These days, a growing number of companies recognize the importance of offering workers more flexibility in their schedules. In some cases, they let employees work remotely rather than forcing them to trek into an office each day. Or it can mean letting workers show up earlier or later to accommodate personal preferences.
But for many organizations, that flexibility comes in the form of the four-day workweek. In fact, 15% of companies offer a four-day workweek of 32 hours or less to at least some of their employees, according to the Society for Human Resource Management. And last year, staffing firm Robert Half found that 17% of employers offered compressed workweeks, where employees squeeze 40 hours of work into four days instead of five.
Some of these figures may be skewed by trades that are known for fewer but longer shifts, like nursing and trucking. Still, it's pretty clear that the four-day workweek is growing in popularity.
The benefits of a four-day workweek
A shorter workweek can be benefit workers and employers alike. For employees, it could mean maximizing weekends, whether by going away or doing personal or home projects that couldn't be accomplished in two days. And for working parents, it could easily bring major savings on child care -- especially for households with children in day care centers. Cutting out a full day each week could put thousands back in a family's pocket over a year.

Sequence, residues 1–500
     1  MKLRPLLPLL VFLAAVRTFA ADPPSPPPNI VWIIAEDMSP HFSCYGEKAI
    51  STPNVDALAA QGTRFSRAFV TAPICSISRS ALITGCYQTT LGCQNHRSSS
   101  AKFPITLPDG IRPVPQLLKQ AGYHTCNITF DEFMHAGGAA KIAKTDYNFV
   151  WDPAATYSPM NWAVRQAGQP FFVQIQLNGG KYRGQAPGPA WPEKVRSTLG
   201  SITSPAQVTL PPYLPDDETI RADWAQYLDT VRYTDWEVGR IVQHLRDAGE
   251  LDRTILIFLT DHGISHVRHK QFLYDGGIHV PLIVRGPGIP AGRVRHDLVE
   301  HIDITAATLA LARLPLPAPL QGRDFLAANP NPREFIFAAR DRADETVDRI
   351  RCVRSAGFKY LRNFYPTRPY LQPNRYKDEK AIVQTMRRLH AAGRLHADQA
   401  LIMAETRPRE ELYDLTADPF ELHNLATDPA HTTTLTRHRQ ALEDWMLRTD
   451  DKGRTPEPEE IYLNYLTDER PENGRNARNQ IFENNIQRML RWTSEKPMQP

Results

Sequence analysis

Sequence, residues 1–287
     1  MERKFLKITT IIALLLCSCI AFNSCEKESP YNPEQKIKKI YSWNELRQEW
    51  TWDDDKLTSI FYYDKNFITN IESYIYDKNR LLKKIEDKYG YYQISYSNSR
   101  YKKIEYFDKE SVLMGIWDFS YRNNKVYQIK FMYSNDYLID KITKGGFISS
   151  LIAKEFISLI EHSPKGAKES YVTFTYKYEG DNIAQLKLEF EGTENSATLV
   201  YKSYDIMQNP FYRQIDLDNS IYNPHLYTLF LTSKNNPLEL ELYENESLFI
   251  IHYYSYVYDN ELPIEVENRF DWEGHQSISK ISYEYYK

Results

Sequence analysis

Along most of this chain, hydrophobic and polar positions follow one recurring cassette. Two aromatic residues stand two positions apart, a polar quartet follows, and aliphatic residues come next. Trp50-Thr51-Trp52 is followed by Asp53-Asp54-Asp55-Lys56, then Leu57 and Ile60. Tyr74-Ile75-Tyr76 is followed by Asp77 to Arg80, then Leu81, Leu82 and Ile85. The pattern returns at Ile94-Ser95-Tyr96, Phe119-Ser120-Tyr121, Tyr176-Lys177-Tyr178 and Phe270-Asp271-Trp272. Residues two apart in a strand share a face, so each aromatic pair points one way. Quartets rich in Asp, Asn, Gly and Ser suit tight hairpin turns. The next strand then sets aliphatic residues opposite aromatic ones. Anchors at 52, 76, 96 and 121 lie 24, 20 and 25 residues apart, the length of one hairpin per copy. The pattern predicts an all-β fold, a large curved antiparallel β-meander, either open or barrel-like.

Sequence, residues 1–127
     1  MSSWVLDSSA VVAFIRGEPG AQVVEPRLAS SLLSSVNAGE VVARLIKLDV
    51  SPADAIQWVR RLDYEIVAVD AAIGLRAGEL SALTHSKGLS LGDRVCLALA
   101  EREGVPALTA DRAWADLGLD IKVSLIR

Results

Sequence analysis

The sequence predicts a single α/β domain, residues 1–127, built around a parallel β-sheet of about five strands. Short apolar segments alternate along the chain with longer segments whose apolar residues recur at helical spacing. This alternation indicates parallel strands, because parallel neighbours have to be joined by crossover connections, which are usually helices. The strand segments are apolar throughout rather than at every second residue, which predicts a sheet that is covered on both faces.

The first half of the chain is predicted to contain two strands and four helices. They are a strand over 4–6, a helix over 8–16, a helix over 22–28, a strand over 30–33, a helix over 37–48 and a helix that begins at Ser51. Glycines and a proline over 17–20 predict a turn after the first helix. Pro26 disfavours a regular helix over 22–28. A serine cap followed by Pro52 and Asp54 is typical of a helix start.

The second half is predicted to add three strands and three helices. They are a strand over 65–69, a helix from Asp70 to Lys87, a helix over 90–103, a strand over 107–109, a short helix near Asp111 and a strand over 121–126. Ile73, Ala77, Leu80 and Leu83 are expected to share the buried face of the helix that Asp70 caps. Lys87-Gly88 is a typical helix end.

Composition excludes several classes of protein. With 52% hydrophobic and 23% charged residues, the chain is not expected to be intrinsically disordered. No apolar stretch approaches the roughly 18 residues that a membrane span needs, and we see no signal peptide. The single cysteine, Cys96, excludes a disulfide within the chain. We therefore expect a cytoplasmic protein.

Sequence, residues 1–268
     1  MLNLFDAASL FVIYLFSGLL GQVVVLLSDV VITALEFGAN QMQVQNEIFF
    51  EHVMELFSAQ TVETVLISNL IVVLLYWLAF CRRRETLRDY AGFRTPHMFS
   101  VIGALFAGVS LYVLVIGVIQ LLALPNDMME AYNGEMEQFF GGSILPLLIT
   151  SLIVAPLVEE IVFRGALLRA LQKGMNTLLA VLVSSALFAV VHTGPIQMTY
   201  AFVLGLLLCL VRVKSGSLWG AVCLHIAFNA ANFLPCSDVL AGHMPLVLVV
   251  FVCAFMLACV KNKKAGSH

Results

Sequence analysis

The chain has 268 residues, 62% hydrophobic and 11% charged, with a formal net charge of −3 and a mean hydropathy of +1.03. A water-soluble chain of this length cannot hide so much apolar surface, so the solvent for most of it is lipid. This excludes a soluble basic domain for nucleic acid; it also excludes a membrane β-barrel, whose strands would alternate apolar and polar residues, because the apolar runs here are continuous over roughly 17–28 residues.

Compressed workweeks can also help companies get more out of their workers. When employees recognize that they have fewer days to get things done, they tend to work more efficiently. And by not paying for wasted time, companies win.
The challenge in the four-day workweek is ensuring adequate coverage on a companywide level. For example, a business with a customer service center can't let its entire staff work Monday through Thursday. In that case, some compromises and savvy scheduling are required (an easy solution: give half the employees Mondays off, and the rest Fridays off). But even if a compressed workweek may not seem viable at first, solutions are often possible.
Furthermore, by implementing a four-day workweek, companies can retain talent in a competitive hiring market -- reason enough to consider it.
The four-day workweek is nowhere close to the norm. But the fact that a growing number of companies are adopting it shows that employers are moving toward more flexibility.